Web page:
Experience Lends Credibility
One of the worst forms of self-flagellation I have witnessed in relationship therapists—to which I have also subjected myself—is the perception of our personal failure, namely having gone through a separation or divorce. We ask ourselves, “How can I possibly counsel people on how to have a fulfilling relationship when I was not able to manage it myself?” On the flip side, consider a person with addiction who faces their substance abuse therapist and demands, “How can you give me advice on how to cope with sobriety when you’ve never been addicted?”
In point, for a therapist to have shared similar experiences with those who seek their counsel is wonderful, but it isn’t enough. What lends that experience to our credibility is having emerged from the experience with a deeper understanding and empathy, a learning, and an ability to overcome any future threat of repeating the same mistake. The therapist who is able to go beyond, “I know how you feel,” to, “I know how to help you avoid this feeling in the future,” is the therapist who has assimilated their experiences into their nature and can, therefore, be trusted as a mentor.
“A mentor is someone who allows you to see the hope inside yourself. A mentor is someone who allows you to know that no matter how dark the night, in the morning, joy will come. A mentor is someone who allows you to see the higher part of yourself when sometimes it becomes hidden to your own view.” —Oprah Winfrey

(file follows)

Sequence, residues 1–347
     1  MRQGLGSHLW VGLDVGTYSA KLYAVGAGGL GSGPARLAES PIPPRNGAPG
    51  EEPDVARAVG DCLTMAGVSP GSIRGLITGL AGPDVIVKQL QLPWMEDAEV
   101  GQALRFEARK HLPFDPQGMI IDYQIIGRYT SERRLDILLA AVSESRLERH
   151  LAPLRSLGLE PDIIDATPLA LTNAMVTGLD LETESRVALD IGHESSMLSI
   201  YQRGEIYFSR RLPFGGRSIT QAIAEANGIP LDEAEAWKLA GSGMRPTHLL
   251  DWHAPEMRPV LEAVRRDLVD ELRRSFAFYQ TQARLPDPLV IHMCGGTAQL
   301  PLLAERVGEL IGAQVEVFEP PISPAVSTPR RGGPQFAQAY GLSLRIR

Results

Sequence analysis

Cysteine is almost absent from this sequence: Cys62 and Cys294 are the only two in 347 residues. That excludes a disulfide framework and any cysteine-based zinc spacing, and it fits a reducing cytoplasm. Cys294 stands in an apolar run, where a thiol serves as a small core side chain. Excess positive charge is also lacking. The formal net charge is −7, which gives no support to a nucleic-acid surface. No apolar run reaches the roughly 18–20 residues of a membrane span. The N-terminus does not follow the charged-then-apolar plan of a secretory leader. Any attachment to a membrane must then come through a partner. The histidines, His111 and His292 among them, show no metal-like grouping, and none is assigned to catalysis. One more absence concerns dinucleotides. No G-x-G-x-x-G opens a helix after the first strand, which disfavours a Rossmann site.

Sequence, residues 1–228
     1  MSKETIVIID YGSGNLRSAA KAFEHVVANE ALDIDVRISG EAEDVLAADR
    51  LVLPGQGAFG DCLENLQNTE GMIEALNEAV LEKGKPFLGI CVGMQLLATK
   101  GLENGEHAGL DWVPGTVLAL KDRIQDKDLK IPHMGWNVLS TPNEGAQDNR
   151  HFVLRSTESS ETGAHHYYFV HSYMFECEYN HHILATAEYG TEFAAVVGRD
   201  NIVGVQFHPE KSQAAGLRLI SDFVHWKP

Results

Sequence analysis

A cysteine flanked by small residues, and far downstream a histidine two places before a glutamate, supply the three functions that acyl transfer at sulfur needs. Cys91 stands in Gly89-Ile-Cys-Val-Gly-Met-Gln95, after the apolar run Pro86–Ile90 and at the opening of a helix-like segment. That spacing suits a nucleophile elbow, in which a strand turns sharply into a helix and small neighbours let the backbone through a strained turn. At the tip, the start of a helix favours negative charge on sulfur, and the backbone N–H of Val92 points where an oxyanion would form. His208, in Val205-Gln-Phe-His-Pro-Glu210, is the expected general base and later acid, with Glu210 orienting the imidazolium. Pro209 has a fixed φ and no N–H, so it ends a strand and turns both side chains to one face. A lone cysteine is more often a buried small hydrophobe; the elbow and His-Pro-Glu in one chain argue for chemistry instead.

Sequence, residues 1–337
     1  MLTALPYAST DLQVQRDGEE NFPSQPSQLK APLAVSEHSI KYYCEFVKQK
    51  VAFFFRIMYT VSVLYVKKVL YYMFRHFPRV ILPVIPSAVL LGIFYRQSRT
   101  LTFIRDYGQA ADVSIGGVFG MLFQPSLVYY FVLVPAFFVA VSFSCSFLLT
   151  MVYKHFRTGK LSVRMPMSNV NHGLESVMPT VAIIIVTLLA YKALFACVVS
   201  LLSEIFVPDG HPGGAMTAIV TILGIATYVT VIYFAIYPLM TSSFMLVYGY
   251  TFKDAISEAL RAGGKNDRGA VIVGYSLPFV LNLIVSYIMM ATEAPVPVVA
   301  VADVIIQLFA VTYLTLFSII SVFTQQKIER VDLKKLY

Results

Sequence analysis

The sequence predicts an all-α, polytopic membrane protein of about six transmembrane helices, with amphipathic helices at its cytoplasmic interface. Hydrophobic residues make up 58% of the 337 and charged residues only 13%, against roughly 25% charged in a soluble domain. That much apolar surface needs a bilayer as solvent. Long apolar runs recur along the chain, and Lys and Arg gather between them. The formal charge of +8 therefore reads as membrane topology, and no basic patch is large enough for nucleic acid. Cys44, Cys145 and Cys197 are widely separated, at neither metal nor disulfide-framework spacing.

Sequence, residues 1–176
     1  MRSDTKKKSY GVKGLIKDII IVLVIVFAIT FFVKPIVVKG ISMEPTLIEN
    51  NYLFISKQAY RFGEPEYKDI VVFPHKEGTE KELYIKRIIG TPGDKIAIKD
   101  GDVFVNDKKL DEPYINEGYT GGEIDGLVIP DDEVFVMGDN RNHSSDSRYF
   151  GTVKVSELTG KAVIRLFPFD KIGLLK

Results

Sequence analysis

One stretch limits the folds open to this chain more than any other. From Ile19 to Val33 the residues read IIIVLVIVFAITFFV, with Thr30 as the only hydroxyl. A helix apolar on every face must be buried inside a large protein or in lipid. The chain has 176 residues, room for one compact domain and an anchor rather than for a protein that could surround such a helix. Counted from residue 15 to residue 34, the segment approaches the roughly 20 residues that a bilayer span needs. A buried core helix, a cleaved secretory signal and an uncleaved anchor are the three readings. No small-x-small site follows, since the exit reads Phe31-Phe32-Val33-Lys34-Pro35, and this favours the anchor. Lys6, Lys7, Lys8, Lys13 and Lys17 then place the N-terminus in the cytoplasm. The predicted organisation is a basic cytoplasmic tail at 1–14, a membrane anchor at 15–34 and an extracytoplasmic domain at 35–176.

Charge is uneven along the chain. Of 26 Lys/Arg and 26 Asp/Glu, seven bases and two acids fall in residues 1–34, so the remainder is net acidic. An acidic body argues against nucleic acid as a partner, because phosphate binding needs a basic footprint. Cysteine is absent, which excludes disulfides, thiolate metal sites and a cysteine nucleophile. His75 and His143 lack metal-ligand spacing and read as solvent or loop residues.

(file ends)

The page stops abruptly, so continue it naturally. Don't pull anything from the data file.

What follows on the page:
A mentor has been there and knows the path and is willing to impart it to others.
Why Self-Therapy Matters
If I take the time to look in the mirror, I will notice that my shoes have holes in them. If I trust in my abilities by looking back at the successes I have realized in my profession, I will know I can eventually fix those holes. If I am able to share my fears and doubts with one special person who I know loves me unconditionally, I will have the confidence to begin work on those holes. If I learn from the mistakes I made at my bench in the past, I will successfully avoid the pitfalls of my trade when I take up my tools.
Then, once I have done a good job, with humility but with confidence, I will be able to guide others to help them follow a path along which they need not fear a hole in their shoe here and there because they will know how to mend it.
© Copyright 2016 GoodTherapy.org. All rights reserved. Permission to publish granted by Stuart Fensterheim, LCSW, therapist in Scottsdale, Arizona